We always talk about how it’s important to get tested for Sexually Transmitted Infections (STIs), sometimes called STD, as an essential part of taking charge of your own sexual health! But what does “getting tested” really mean?
“I got tested, so I’m all good, right?”
Nope. Many people don’t realize that there isn’t just one test that looks for every kind of STI out there. Actually, there aren’t even tests for some STIs. That’s why it’s important to be in the know.
Most clinics you go to will test for and and possibly . They will test for chlamydia and gonorrhea through a urine test or swab test and for HIV through a finger prick or cheek swab. They may also test for syphilis with a blood test, though this can be less common. However, there are other STIs that wouldn’t be found with these specific tests.
“So how do I know which kind of test I should get?”
This is why it’s important to communicate openly and truthfully with your medical provider. During your visit they will “screen you” to figure out what to test for. “Screening” means they will ask you questions about your life, your sexual history, and your symptoms. Based on this information they figure out what tests are best for you. (Remember: Some STIs don’t have symptoms.) It is important to be honest with your provider so they can be sure to test you for the right things. Remember, they have heard it all before!
The health care provider should let you know what they recommend for testing. If they do not specify which tests they are running, you can ask them! Make sure you know which tests are being run so you can understand what the results mean. You get to ask questions about anything that is unclear at any time. Don’t be afraid to speak up. That’s part of taking charge of your health.
You have the right to advocate for your health concerns. If there is an STI test that the medical provider doesn’t recommend, but you think is important, you can ask for it specifically! A good provider will discuss your concerns and make a plan that works for you.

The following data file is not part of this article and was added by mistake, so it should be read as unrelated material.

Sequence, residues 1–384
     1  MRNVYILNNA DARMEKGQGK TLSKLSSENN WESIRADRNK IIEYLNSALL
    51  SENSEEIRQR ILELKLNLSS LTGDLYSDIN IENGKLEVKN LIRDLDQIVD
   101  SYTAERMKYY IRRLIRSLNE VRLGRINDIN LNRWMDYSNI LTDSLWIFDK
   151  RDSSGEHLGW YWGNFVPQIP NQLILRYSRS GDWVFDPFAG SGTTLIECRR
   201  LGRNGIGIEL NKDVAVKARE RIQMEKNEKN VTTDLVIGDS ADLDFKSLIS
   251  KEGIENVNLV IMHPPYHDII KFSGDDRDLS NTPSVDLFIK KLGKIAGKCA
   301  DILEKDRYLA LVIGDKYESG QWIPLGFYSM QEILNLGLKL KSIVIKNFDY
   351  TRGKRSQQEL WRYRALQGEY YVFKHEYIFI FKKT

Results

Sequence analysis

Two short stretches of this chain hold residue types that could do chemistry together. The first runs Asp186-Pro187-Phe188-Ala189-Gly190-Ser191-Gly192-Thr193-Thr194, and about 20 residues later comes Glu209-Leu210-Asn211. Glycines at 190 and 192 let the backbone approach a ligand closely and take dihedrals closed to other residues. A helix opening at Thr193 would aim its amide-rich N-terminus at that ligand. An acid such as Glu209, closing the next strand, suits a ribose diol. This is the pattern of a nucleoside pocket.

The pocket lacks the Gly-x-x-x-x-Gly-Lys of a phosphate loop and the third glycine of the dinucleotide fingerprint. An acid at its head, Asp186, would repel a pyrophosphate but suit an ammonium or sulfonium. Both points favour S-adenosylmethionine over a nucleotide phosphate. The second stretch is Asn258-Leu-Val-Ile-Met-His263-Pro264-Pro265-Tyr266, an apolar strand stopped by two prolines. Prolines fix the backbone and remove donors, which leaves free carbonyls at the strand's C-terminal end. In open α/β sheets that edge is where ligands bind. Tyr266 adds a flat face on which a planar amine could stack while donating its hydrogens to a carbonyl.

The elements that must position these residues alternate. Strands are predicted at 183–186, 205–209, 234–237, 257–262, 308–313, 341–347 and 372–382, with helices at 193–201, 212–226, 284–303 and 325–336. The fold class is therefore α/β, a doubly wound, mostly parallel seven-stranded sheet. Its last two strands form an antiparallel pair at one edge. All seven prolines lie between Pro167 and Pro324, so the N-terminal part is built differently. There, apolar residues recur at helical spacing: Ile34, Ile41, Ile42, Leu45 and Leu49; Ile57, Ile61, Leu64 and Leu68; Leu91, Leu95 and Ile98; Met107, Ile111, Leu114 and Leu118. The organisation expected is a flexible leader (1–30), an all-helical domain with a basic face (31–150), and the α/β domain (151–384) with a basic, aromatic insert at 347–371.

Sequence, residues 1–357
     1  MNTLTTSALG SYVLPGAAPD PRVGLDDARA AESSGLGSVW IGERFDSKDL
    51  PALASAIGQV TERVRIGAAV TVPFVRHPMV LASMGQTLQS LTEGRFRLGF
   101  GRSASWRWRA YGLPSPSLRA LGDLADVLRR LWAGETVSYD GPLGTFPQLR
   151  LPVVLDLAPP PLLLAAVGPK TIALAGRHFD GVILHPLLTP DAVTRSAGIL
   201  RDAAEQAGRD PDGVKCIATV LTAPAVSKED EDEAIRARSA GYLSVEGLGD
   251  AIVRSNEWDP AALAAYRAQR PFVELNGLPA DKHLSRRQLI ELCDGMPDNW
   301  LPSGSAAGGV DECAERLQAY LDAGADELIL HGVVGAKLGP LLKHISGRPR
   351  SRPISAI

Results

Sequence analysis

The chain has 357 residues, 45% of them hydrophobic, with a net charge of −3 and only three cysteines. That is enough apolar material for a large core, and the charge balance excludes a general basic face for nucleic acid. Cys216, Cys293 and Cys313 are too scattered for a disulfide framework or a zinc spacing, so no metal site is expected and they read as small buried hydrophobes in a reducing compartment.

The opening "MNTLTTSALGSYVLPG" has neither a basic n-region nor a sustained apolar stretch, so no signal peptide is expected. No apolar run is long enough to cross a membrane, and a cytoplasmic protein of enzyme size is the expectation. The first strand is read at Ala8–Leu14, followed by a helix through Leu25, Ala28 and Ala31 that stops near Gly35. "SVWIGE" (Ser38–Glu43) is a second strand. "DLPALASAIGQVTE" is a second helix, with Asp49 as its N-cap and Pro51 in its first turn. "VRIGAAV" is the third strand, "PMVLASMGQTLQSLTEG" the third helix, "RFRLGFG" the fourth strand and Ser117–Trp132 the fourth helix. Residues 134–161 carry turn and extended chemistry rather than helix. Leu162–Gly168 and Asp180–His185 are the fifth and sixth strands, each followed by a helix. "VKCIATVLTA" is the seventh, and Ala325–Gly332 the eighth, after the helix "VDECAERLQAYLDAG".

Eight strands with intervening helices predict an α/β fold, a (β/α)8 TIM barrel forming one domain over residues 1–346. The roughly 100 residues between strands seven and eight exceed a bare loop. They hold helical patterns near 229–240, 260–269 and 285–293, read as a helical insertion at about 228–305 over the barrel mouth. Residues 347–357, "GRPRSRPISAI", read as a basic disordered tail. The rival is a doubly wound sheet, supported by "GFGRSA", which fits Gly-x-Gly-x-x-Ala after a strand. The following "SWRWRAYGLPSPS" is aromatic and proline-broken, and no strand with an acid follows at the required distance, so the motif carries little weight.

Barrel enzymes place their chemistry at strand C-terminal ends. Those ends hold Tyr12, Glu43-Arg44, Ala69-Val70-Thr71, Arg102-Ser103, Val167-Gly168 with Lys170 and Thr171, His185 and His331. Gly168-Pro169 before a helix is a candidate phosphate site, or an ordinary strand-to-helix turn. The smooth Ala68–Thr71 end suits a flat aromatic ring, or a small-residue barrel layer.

“What if I don’t want to talk about my sexual history in front of my parents?”
It is always great to talk to a parent or other trusted adult about your sexual health but it is . If you are interested in getting tested for STIs, you can visit the doctor or a by yourself. If you are visiting the doctor with a parent or guardian, your doctor should have a few minutes where they ask your parents to leave the room. This is your opportunity to bring up anything that you want to keep private from your parents. If the doctor does not ask your parent or guardian to leave for a few minutes, you can ask for that time yourself. You can consider telling your parent you want to practice visiting the doctor alone. Also, if this private time never happens, you can return on your own to talk about STI testing.
There are also options for some people to get a home STI test. You get a test in the mail, complete it at home, and send it back.
“Why can’t I just get tested for every STI?”
For some STIs, like HPV, there isn’t a good test for all bodies. People with vaginas usually get tested during a or annual exam, but there isn’t a good HPV test for people with a penis. For other STIs, like , it is not for everyone to get tested, but you can always ask your doctor if you are interested in a herpes test. The bottom line is that just because someone got an STI test, it doesn’t mean that they’ve been tested for ALL STIs.
“How do I found out my results?”
The clinic may tell you “no news is good news” meaning that if you do not hear from them in two weeks, your results came back negative. They may also call and follow up after your results come back. Either way, it usually takes some time and it is important they have your correct contact information so they can get in touch with you. If you don’t hear from them and are curious, give them a call. Usually you will get your results from a phone call but in some cases you may have an online portal where you can download them.
“How much does it cost?”
STI testing is FREE! It is covered by insurance and if you do not have insurance or do not want to use your insurance because you are worried about your parents finding out, there are programs like that can help you. Just let the clinic know what your situation is- if you have insurance or not and if you are worried about your services being confidential.
It’s a good idea to do some research before you go to a clinic or see a health professional for an STI test. You can find a lot of information about STIs – like what they are and how to prevent them -- at . Then, talk with your provider about your risk for STIs so you can make the best decisions for you. .
Remember: prevention is key! If you plan to have sex, always use barrier methods, , to prevent STIs! You can !